Want to nail healthy choices? Make sure you’re not falling into one of these five wellness traps.
Grabbing a bite to eat on the run might keep you going for a few hours but it might not be doing your body any favours in the long run. Eating too quickly contributes to bloating and acid reflux, and could also increase your risk of obesity. That’s because eating too fast overrides the mechanisms which tell the brain the body is full.
The takeaway: Eat slowly to consume fewer calories and feel fuller for longer, as well as support your digestion.
In a fast-paced world, many of us are so time-poor we’re sacrificing sleep for work (or Netflix). Not only does this rob us of the recommended seven to nine hours needed for optimum wellbeing, but doing stimulating tasks at night also hinders a healthy sleep cycle. In addition, using devices like smartphones, tablets or computers close to bedtime increases alertness so it’s difficult to drift off when you do finally hit the hay – and that leaves you feeling sleepy during the day.
The takeaway: Limit use of devices in the evening to less than 1.5 hours and prioritise a good night’s shuteye.
Confused about how much time in the sun you need to produce vitamin D in your body without overdoing the UV exposure? You’re not alone. Research shows 15 per cent of Aussie adults have adjusted their sun protection practices in recent summers in an attempt to get more vitamin D, yet the majority of us aren’t actually deficient in vitamin D in the first place. The idea that prolonged sun exposure in warmer months will boost your vitamin D levels is a myth – most Aussies get enough vitamin D from doing day-to-day activities like walking a few minutes to the car or the shop.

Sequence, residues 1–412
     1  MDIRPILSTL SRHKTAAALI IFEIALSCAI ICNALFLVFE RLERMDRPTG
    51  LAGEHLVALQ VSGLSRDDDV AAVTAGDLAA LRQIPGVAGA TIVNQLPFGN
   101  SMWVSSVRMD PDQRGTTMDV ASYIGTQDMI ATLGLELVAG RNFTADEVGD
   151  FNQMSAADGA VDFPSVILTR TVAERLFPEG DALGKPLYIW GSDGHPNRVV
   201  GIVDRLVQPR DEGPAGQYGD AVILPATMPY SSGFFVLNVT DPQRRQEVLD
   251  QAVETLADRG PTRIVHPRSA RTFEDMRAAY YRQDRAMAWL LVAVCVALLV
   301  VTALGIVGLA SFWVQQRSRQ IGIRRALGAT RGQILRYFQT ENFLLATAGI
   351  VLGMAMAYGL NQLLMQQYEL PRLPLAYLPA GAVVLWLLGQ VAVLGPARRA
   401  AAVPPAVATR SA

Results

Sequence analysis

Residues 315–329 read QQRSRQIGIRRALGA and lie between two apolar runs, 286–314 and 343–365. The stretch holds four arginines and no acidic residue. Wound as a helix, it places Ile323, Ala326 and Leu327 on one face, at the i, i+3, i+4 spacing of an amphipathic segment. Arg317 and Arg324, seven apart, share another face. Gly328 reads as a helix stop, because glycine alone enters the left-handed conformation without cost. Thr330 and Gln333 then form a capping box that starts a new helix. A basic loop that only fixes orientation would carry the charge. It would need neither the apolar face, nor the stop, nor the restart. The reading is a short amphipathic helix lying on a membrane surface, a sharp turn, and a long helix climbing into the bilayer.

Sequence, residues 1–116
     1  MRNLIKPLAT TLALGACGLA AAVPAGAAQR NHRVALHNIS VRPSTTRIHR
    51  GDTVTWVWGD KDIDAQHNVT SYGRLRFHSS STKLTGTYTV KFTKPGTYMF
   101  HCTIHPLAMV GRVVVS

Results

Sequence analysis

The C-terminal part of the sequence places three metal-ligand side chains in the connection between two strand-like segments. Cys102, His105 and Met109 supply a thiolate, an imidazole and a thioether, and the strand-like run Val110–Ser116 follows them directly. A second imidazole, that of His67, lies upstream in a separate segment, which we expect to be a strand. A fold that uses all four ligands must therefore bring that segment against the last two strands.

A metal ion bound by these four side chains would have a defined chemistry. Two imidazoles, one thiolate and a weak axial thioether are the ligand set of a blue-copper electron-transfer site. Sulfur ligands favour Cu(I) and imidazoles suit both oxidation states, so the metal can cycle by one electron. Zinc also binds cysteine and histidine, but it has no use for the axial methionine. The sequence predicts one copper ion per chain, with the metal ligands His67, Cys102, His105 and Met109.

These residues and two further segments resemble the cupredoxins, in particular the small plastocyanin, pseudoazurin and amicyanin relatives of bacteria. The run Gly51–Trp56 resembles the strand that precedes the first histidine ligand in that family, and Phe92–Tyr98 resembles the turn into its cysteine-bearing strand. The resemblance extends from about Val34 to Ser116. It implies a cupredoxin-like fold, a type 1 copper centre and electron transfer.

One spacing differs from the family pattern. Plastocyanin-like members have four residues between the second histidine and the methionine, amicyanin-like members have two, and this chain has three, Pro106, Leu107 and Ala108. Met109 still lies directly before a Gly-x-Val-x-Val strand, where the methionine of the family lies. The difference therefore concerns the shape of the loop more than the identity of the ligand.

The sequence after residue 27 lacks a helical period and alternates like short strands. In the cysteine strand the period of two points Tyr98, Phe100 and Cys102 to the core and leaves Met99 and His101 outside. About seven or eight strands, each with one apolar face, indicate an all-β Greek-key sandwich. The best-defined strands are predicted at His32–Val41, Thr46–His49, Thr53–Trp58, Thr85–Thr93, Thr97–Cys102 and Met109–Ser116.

The take-away: If you are outside for more than a few minutes when the UV level is above 3, you will need sun protection. To check UV levels, download the Sunsmart app.
If you’ve got a million things to get through today, the idea of sitting still and doing nothing for 10 minutes might seem ridiculous. But research shows meditation can actually help you focus better, making you more productive in your tasks afterwards. Another study shows it reduces fatigue, so setting aside time to meditate means you may actually be better able to tackle your to-do list.
The take-away: Even a few minutes of meditation a day is enough to yield benefits. You can start by simply sitting quietly with your eyes closed and focusing on your breath.
Think weight training is for Hulk Hogan-sized men only? Think again. “Women fear they will bulk up by lifting weights,” says fitness expert Kristy Curtis. “For the record, women cannot get bulky lifting weights as we don’t have the testosterone levels in our bodies that men do.” Given the significant benefits of weight training, it’s worth making friends with dumbbells. “Weight training builds lean muscle tissue which gives us a 'toned' appearance and burns body fat even when we are sleeping,” Curtis says.
The takeaway: Integrating weight training into your fitness regimen is an effective way to help manage your weight and should form part of any exercise routine.